Mr. Green’s first major enterprise, started in 1999, was an online interactive mapping business that became known as the Map Network. Cities, events and venues — among them the Super Bowl, the Republican and Democratic national conventions, the NBA All-Star Game, and the Smithsonian Institution — used the company’s services. The digital navigation giant Navteq bought the business for $37.5 million in 2006.
Three years later, Mr. Green created Personal.com, an online vault to store personal data such as telephone numbers, passwords, bank accounts and food recipes — and keep it safe from marketers prowling for personal data on consumers. “The real magic,” Mr. Green told The Washington Post in 2011, is “information on what you plan to do or purchase, which is the altar on which all things digital worships.”
He merged Personal.com with the British company Digi.me in 2017 and became chief executive of its U.S.-based operation.
Then in 2018, Mr. Green co-founded another company, Universal Basic Data Income, as a way to level the playing field with market researchers who track consumers’ online movements. UBDI, as it was called, aims to help compensate people for contributing personal data anonymously into aggregate pools that could be useful to marketers and advertisers.
Billions of dollars of advertising are based on such data. Mr. Green wanted to get some of that money into the hands of online users who created the data. “We’re trying to build a way for everyone to participate in the economics of their data,” Mr. Green told USA Today last year.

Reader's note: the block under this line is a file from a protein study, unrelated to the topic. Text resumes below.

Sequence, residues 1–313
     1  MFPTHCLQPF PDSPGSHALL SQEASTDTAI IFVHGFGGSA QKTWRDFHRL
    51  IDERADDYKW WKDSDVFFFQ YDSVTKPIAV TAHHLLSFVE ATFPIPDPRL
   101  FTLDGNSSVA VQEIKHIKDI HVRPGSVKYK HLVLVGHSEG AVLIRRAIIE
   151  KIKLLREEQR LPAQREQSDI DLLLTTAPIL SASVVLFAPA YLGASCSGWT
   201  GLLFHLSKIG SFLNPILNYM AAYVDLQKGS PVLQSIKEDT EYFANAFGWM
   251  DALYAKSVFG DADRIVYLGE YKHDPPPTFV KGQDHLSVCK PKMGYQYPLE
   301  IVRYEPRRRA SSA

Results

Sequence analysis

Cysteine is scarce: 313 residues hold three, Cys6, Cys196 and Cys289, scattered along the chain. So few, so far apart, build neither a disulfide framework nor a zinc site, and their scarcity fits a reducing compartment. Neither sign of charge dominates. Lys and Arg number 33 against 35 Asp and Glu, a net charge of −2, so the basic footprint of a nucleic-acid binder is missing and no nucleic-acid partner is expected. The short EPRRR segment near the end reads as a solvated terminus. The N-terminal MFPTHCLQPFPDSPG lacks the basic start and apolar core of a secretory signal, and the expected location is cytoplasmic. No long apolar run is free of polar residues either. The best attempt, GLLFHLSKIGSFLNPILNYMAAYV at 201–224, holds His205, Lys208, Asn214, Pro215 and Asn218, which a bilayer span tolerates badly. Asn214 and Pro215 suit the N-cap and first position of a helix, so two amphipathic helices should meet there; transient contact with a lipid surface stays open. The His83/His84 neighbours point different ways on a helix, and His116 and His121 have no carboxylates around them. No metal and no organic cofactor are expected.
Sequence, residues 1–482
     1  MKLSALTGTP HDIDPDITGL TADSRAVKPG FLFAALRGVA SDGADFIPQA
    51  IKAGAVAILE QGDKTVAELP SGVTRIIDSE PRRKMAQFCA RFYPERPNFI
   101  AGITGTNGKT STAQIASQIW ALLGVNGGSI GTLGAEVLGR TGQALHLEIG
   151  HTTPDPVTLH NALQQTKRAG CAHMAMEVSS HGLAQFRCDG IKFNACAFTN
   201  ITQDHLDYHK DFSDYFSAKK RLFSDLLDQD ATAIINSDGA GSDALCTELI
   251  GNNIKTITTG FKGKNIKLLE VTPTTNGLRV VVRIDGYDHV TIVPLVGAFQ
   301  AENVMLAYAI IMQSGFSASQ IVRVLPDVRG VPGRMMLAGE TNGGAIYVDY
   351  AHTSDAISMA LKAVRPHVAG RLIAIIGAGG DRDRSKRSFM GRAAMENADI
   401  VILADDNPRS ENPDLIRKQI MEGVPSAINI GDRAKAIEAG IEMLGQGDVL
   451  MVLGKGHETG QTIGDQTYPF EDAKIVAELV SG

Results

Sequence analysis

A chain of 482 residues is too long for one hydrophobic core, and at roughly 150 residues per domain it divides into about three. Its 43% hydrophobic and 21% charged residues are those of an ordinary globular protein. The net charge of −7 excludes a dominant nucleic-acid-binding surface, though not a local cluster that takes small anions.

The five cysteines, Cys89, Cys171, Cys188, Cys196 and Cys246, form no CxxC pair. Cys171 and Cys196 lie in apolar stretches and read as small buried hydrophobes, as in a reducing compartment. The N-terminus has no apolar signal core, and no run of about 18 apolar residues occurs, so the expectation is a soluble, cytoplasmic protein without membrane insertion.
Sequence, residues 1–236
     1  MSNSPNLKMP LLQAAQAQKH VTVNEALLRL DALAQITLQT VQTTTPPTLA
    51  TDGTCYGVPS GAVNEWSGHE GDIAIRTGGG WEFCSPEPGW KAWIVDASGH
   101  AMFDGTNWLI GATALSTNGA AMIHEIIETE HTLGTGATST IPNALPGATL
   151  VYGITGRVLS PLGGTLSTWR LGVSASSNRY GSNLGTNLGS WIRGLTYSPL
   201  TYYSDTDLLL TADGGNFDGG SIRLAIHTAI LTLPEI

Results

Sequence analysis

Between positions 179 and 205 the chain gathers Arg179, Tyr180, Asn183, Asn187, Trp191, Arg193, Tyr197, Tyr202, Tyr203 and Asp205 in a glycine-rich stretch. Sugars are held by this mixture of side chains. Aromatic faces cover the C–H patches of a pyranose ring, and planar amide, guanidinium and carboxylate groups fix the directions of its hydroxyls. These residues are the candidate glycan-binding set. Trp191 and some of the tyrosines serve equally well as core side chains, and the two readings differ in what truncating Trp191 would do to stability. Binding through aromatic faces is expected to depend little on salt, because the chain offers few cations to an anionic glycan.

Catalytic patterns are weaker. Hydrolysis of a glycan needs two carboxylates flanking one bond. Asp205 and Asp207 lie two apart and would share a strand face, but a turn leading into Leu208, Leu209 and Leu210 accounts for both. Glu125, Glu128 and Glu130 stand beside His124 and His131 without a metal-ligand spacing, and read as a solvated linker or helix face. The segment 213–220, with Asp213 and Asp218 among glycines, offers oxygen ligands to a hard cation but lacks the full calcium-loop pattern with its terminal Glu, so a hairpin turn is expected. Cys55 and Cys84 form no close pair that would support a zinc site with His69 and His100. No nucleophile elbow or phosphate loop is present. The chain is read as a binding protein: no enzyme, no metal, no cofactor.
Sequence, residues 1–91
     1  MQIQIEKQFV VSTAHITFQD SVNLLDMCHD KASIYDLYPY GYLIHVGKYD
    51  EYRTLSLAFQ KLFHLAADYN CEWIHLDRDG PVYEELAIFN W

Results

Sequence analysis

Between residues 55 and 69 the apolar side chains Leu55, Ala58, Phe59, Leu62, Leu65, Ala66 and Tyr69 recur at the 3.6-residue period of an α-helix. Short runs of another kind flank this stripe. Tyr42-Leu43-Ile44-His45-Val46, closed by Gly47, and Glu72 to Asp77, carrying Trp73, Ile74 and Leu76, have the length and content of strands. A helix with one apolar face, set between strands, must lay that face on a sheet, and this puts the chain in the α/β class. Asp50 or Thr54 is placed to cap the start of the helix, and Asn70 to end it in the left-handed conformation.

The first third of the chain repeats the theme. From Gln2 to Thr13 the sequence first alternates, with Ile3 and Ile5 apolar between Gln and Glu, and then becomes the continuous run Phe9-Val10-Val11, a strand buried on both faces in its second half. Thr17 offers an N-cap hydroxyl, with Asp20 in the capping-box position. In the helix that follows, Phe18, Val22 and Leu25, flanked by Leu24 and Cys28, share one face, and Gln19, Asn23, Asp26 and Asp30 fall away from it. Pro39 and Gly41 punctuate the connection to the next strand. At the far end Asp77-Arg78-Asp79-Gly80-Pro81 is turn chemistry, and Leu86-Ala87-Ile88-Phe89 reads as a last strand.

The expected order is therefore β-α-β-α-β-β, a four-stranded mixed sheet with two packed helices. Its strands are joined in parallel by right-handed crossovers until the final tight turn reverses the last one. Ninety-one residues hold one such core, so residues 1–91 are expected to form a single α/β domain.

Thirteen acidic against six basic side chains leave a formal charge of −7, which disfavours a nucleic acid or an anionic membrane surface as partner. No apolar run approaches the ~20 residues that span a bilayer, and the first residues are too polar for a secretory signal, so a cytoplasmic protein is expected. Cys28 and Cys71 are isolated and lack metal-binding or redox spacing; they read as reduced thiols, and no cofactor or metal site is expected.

Robert Shane Green was born in Jacksonville, Fla., on Oct. 5, 1970. His father was the founder of Georgia Solar Utilities, and his mother was an insurance agent. He graduated from the University of Michigan in 1992, then attended business school at the University of Chicago for a year.
Mr. Green began his career in Washington at the Carnegie Endowment for International Peace, where his work included helping start-up businesses. Later, he specialized in underground mapping and imaging for Witten Technologies.
Survivors include his wife of 18 years, Viviana Lopez Green, and their three children, Gabriela, Javier and Emilia, all of Somerset, Md.; his parents, Robert and Janice Green, and a grandmother, Ruth Watt, all of Macon, Ga.; and a sister.
He was a sailor, a tennis player and a bicyclist, especially along the Chesapeake & Ohio Canal. Friends said he was an incurable optimist. A meal he liked was always “the best I ever had.” A good day was “the best day of my life.”
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